Typhoon Haiyan: Obama says U.S. is providing significant humanitarian assistance
WASHINGTON (AP) - President Barack Obama says he and his wife, Michelle, are "deeply saddened" by the deaths and damage caused by Typhoon Haiyan in the Philippines this weekend.
Obama says the United States is providing "significant" humanitarian assistance and is prepared to further assist relief and recovery efforts.
Haiyan struck the eastern seaboard of the Philippines on Friday and quickly barreled across its central islands, packing winds that gusted up to 170 miles per hour. The death toll has climbed into the thousands, and about 4 million people were affected by the storm.
Obama praised the Philippine people for their "incredible resiliency."
Brian Goldbeck, acting ambassador at the U.S. Embassy in Manila, issued a disaster declaration to provide an immediate $100,000 for relief efforts. Officials from the U.S. Agency for International Development are deployed around the country to monitor the damage.
Other charities working to provide relief in the Philippines include:
UNITED NATIONS WORLD FOOD PROGRAMME
The United Nations World Food Programme said it has allocated $2 million for the disaster response and officials joined an assessment mission to survey damage in Leyte and Samar provinces.
WFP said it will send more than 40 tons of high energy biscuits and work with the Filipino government to help with logistics and emergency communications systems. It asks for donations at www.wfpusa.org or by texting the word AID to 27722 to instantly donate $10.
UNICEF said its staff in the Philippines is being repositioned to help in relief efforts and 66 tons of emergency supplies are being sent from Copenhagen. An airlift set to arrive on Tuesday will include water purification systems, storage equipment and sanitation supplies. Donations can be made to UNICEF at unicef.org/support.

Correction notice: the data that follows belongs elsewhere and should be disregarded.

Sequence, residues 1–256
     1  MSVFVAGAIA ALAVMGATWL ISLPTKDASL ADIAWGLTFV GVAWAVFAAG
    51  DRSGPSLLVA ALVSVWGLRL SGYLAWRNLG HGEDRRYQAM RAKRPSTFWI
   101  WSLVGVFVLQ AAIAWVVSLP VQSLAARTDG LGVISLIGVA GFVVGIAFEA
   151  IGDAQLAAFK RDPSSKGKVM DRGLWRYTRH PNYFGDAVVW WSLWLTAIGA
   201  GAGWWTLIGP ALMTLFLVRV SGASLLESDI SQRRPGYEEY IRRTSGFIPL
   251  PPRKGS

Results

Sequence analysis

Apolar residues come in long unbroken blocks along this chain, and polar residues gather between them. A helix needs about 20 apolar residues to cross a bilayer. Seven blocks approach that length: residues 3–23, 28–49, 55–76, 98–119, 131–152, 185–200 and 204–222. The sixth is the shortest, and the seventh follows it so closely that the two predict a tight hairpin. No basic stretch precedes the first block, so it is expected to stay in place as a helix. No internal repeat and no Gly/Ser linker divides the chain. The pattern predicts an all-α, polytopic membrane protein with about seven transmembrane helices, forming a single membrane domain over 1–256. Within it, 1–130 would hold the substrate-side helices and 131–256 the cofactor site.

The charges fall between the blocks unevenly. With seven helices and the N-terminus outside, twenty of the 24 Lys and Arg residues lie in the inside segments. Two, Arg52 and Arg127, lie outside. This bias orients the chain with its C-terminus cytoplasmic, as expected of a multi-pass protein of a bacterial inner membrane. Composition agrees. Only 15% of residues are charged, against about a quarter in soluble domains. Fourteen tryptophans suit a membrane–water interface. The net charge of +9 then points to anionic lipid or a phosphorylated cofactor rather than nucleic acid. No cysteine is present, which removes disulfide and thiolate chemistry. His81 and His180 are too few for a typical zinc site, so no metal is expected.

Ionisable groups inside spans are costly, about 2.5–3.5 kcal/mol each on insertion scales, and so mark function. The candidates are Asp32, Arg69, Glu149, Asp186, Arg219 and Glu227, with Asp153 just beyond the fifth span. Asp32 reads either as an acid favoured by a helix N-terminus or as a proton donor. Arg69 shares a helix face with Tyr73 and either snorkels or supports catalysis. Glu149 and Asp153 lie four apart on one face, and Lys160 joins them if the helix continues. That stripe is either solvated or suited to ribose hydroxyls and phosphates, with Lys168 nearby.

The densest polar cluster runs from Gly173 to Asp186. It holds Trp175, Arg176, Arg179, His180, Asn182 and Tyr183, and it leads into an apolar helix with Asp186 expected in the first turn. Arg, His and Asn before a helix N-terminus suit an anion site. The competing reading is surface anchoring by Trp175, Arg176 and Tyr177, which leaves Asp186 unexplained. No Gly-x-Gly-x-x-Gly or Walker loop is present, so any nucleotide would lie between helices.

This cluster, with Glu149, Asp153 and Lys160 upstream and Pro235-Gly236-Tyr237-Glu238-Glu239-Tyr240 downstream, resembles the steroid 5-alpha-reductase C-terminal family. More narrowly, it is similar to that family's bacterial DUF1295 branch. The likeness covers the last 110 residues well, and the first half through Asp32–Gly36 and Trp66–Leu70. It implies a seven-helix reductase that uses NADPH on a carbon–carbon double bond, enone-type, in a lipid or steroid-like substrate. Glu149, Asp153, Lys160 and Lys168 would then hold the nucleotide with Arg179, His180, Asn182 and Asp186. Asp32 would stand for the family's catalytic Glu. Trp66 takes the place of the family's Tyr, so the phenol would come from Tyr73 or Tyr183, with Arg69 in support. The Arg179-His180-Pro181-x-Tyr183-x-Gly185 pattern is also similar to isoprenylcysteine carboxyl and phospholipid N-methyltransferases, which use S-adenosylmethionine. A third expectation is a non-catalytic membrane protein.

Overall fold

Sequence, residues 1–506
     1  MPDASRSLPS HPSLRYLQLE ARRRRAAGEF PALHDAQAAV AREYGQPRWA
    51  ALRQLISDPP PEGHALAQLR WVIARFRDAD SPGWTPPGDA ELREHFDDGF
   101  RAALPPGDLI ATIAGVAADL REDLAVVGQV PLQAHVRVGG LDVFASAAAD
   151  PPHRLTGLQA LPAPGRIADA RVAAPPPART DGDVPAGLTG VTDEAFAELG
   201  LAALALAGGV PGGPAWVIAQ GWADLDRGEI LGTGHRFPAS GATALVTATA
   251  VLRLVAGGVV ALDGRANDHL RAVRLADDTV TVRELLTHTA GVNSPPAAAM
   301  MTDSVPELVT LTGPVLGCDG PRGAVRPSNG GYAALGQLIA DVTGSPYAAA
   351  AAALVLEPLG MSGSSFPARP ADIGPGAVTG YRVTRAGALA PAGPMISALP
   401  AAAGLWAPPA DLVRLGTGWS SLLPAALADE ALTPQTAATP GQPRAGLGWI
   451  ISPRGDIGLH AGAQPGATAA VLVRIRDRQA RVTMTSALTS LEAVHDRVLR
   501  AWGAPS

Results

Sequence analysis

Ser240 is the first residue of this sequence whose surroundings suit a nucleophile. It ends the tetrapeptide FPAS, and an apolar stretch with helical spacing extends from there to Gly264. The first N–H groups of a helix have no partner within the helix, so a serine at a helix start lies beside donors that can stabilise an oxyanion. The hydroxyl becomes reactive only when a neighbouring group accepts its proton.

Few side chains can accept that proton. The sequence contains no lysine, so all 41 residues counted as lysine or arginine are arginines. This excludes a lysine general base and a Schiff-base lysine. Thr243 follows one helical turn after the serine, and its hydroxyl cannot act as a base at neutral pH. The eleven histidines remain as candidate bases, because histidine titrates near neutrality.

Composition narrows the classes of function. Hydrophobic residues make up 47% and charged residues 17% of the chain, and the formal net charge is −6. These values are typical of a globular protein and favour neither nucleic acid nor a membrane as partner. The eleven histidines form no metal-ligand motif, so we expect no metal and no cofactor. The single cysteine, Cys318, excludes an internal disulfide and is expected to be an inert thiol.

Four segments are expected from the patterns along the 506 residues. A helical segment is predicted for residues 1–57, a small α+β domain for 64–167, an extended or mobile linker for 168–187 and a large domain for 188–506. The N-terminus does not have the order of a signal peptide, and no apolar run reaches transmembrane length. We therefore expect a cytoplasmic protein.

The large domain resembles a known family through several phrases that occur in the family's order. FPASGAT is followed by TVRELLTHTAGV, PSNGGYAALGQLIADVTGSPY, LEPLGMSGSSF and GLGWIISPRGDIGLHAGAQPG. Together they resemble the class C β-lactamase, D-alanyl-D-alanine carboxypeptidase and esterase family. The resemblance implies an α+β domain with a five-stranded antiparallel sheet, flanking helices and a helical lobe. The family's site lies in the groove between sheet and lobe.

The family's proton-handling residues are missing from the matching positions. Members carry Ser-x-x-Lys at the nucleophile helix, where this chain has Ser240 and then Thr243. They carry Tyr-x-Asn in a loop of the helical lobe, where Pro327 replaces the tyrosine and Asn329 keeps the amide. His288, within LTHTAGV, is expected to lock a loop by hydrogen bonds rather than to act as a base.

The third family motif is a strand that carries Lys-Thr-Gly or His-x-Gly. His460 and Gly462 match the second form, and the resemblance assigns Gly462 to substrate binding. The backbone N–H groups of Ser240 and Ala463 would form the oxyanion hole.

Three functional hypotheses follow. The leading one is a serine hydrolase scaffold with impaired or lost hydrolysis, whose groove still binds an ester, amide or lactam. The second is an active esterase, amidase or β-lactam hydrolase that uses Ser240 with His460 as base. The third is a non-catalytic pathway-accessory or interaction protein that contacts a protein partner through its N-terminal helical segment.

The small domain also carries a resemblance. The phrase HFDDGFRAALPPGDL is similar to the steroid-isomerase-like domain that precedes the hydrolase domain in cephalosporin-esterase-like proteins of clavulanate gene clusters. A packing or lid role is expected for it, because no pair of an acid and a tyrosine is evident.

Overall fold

The American Red Cross said it has deployed two people to assist with assessments in the Philippines and activated its family tracing services. It asked those who want to support relief efforts to mail a check to their local American Red Cross chapter, with "Philippines Typhoons and Flood" in the memo line. Go to redcross.org for local chapter information or redcross.org.ph to donate directly to the Philippine Red Cross.
CATHOLIC RELIEF SERVICES
Catholic Relief Services is accepting donations on its website, emergencies.crs.org, as it begins moving supplies and staff to respond to the typhoon.
World Vision said it is putting together resources to assist 1.2 million people, including food, hygiene kits, emergency shelter and protection. It asked for one-time donations to be made at worldvision.org.
AMERICAN JEWISH JOINT DISTRIBUTION COMMITTEE
The American Jewish Joint Distribution Committee has begun collecting donations for relief efforts. To contribute, go to www.jdc.org or call 212-687-6200.
Mercy Corps said it has launched emergency response efforts to provide food, water, shelter and basic supplies to typhoon survivors. To contribute, go to www.mercycorps.org/typhoon or call (800) 292-3355.